Look for more direct news reports out of North Korea now that Associated Press opened a news bureau this week in Pyongyang, becoming the first international news organization with a full-time presence in the communist nation, notes Grumpy Editor.
AP says the action capped nearly a year of discussions.
The move comes less than a month after the death of longtime ruler Kim Jong Il.
The opening of AP offices in the capital mark an “important gesture, particularly because North Korea and the United States have never had formal diplomatic relations,” points out AP.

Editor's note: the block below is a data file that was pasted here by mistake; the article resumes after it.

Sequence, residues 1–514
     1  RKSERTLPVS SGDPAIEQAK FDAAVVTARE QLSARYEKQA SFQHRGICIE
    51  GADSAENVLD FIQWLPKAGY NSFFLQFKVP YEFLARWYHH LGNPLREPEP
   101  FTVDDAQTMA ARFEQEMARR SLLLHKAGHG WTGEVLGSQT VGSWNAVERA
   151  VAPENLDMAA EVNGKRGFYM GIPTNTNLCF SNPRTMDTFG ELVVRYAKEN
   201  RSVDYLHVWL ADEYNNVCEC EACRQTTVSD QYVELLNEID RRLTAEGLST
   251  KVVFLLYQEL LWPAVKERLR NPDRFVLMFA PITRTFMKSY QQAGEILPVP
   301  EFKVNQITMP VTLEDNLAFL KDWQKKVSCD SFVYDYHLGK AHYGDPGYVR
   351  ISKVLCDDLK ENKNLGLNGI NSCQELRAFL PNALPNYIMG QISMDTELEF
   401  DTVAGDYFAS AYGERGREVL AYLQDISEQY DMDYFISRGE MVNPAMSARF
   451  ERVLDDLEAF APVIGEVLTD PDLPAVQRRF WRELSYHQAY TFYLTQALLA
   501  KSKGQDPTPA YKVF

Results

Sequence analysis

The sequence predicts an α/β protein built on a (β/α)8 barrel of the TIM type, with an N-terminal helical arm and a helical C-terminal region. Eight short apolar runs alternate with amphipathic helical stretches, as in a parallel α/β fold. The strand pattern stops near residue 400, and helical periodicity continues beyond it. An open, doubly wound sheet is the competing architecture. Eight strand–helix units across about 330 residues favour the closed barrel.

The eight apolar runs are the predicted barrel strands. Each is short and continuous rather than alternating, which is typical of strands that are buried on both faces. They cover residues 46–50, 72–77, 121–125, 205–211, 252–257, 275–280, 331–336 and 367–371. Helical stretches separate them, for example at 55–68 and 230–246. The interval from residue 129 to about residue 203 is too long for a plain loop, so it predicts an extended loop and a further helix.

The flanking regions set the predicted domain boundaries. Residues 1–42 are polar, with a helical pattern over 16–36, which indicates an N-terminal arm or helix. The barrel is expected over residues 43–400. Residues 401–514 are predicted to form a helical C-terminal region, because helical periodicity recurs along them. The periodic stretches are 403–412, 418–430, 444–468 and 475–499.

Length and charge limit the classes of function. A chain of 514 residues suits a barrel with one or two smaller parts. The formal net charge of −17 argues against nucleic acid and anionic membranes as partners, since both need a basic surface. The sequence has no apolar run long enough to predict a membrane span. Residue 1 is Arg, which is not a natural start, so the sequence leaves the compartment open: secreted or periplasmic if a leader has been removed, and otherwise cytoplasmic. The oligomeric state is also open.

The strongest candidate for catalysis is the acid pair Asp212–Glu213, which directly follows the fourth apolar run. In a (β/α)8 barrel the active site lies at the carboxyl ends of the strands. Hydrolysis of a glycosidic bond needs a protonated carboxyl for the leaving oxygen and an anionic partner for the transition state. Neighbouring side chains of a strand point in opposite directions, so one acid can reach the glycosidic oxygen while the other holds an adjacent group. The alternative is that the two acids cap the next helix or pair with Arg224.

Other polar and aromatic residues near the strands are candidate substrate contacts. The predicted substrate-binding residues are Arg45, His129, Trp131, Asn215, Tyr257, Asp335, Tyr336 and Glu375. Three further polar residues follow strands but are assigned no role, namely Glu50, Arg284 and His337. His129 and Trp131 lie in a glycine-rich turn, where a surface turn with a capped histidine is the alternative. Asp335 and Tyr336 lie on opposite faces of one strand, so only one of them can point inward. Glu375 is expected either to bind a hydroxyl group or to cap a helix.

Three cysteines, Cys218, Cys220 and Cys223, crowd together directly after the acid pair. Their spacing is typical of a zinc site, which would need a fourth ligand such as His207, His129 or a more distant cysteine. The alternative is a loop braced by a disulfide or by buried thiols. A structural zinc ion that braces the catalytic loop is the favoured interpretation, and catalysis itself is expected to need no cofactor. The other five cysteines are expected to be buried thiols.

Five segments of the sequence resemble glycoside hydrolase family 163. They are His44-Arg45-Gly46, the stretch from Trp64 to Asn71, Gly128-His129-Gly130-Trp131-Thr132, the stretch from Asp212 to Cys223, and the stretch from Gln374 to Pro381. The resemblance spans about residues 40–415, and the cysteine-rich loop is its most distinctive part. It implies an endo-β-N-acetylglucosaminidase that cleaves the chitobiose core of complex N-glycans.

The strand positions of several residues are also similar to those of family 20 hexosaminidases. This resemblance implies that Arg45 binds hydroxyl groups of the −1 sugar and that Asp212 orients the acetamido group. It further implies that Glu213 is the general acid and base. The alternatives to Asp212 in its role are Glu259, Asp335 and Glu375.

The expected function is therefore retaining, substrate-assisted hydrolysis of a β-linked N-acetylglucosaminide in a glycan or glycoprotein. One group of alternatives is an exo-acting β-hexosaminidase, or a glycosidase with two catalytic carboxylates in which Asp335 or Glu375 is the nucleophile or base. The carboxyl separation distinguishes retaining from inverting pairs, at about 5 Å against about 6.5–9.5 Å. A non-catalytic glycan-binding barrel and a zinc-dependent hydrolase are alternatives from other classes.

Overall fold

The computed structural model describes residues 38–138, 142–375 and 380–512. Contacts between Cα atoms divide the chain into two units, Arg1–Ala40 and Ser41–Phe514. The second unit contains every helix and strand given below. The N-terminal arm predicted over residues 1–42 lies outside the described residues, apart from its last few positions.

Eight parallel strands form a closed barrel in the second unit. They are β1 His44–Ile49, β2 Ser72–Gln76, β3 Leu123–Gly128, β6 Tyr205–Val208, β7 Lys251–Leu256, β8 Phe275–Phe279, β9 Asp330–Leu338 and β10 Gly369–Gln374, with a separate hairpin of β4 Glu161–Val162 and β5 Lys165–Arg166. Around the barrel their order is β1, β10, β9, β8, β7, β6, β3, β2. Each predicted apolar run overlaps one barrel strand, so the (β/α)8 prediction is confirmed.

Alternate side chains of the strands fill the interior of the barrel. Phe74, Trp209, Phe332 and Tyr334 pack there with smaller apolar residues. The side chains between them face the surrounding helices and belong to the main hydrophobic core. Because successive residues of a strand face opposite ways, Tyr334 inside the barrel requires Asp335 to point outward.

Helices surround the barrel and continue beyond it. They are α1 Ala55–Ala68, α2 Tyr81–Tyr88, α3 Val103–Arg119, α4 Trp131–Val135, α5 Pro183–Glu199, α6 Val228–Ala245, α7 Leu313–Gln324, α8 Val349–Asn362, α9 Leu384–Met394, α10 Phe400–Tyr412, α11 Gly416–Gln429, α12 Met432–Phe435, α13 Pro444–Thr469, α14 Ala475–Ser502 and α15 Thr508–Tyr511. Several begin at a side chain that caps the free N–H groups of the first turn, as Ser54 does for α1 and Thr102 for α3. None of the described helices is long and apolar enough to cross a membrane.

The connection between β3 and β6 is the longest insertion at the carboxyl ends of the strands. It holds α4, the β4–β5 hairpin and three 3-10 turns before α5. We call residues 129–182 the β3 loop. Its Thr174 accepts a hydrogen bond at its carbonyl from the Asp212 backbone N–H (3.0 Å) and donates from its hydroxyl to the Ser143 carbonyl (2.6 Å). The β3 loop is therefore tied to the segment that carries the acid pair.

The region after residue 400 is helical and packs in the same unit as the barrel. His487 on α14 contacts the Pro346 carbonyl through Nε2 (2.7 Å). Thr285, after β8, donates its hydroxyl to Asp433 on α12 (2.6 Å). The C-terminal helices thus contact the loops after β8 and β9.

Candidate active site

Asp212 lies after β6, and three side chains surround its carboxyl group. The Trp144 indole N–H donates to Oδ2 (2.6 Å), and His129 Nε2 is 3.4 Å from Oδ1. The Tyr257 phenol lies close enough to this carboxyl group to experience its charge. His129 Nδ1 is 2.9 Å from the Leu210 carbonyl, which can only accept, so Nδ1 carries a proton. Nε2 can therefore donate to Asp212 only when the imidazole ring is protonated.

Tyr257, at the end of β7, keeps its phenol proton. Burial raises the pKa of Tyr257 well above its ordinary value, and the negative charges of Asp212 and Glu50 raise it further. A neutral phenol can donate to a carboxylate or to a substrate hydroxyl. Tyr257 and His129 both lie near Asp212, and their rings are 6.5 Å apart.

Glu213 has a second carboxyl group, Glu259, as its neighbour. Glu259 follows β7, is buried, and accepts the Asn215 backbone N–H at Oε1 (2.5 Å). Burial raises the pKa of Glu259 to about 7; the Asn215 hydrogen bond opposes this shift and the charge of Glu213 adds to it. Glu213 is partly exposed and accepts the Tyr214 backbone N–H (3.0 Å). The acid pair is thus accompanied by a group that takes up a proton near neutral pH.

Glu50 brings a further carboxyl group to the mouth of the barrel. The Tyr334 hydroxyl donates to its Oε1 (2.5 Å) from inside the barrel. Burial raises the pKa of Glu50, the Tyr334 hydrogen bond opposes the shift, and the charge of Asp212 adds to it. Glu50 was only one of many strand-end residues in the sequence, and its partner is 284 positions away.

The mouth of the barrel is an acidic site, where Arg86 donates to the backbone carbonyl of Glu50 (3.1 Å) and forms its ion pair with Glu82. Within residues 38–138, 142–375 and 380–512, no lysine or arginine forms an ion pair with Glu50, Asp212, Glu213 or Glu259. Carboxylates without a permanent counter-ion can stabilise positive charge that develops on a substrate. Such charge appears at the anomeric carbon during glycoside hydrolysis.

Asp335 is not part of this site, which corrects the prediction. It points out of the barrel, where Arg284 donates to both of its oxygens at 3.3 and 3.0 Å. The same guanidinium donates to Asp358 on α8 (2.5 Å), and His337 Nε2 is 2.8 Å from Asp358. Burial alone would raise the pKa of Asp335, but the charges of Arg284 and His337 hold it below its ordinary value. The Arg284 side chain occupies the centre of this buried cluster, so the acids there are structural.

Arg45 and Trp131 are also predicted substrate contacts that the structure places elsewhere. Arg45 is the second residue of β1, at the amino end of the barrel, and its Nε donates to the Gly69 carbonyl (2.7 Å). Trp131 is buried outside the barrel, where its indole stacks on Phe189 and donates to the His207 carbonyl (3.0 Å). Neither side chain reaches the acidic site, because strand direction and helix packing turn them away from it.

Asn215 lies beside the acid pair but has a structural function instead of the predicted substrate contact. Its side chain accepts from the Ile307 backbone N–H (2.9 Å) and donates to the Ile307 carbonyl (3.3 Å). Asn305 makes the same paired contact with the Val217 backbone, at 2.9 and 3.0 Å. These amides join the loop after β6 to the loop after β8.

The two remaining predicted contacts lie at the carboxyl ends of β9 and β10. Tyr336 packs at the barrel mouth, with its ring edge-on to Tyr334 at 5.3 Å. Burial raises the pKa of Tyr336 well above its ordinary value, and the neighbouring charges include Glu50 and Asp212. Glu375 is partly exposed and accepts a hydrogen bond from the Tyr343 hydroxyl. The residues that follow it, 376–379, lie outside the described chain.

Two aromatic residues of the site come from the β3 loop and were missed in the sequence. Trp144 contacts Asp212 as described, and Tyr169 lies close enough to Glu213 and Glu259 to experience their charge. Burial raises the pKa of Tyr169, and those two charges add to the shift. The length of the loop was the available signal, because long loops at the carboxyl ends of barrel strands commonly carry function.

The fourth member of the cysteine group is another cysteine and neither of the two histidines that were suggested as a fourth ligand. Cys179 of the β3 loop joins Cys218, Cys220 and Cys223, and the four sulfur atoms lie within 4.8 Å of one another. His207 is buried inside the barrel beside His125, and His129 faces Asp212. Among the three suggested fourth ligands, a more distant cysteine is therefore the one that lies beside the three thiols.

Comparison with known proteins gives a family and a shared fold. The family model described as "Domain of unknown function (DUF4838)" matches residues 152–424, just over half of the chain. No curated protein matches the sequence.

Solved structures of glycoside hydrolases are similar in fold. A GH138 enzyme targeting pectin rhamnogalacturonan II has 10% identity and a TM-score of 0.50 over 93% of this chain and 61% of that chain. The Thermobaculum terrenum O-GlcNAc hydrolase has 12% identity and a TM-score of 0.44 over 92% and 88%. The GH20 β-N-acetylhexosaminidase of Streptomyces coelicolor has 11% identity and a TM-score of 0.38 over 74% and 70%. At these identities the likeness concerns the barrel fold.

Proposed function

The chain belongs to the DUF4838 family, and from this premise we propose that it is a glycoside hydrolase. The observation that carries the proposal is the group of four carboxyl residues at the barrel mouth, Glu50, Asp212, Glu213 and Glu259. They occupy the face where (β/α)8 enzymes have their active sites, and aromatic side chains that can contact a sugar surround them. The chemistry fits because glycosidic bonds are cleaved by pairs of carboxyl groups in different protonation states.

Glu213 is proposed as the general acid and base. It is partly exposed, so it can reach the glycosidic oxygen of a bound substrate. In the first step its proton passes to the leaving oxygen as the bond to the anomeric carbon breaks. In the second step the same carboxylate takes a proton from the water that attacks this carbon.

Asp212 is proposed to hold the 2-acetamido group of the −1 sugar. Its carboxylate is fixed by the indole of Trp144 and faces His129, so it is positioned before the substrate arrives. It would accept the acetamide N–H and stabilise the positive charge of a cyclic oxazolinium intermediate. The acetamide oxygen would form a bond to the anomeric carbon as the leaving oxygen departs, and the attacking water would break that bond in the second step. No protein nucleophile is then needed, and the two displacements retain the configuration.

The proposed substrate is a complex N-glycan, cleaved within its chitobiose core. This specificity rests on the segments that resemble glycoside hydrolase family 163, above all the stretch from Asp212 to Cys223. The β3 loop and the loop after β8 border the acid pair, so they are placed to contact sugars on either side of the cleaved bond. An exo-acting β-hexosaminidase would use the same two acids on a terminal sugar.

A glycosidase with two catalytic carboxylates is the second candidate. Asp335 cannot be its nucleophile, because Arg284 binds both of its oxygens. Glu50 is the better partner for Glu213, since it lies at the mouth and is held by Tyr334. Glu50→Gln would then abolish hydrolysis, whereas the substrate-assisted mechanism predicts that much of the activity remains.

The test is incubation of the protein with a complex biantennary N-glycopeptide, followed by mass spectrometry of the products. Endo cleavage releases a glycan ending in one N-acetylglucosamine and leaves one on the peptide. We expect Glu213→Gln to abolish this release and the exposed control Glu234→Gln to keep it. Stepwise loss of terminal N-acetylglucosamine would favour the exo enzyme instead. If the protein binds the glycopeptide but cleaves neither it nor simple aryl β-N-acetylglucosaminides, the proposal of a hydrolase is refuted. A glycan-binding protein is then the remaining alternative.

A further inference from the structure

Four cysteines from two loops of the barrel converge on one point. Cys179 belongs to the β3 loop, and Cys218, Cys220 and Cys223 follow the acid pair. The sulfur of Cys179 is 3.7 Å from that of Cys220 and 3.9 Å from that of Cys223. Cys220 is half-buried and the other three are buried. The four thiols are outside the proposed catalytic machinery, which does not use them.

Now, AP writers and photojournalists will also be allowed to work in North Korea on a regular basis, says the news agency. For decades, it adds, North Korea has remained largely off-limits to international journalists.
Offices are located at state-run Korean Central News Agency’s headquarters in downtown Pyongyang.
The full-service AP bureau --- with words, pictures and video output --- builds on AP video’s six-year-old office in the city.
The independent 165-year-old news cooperative maintains operations in more than 100 countries and employs nearly 2,500 journalists across the world in 300 locations.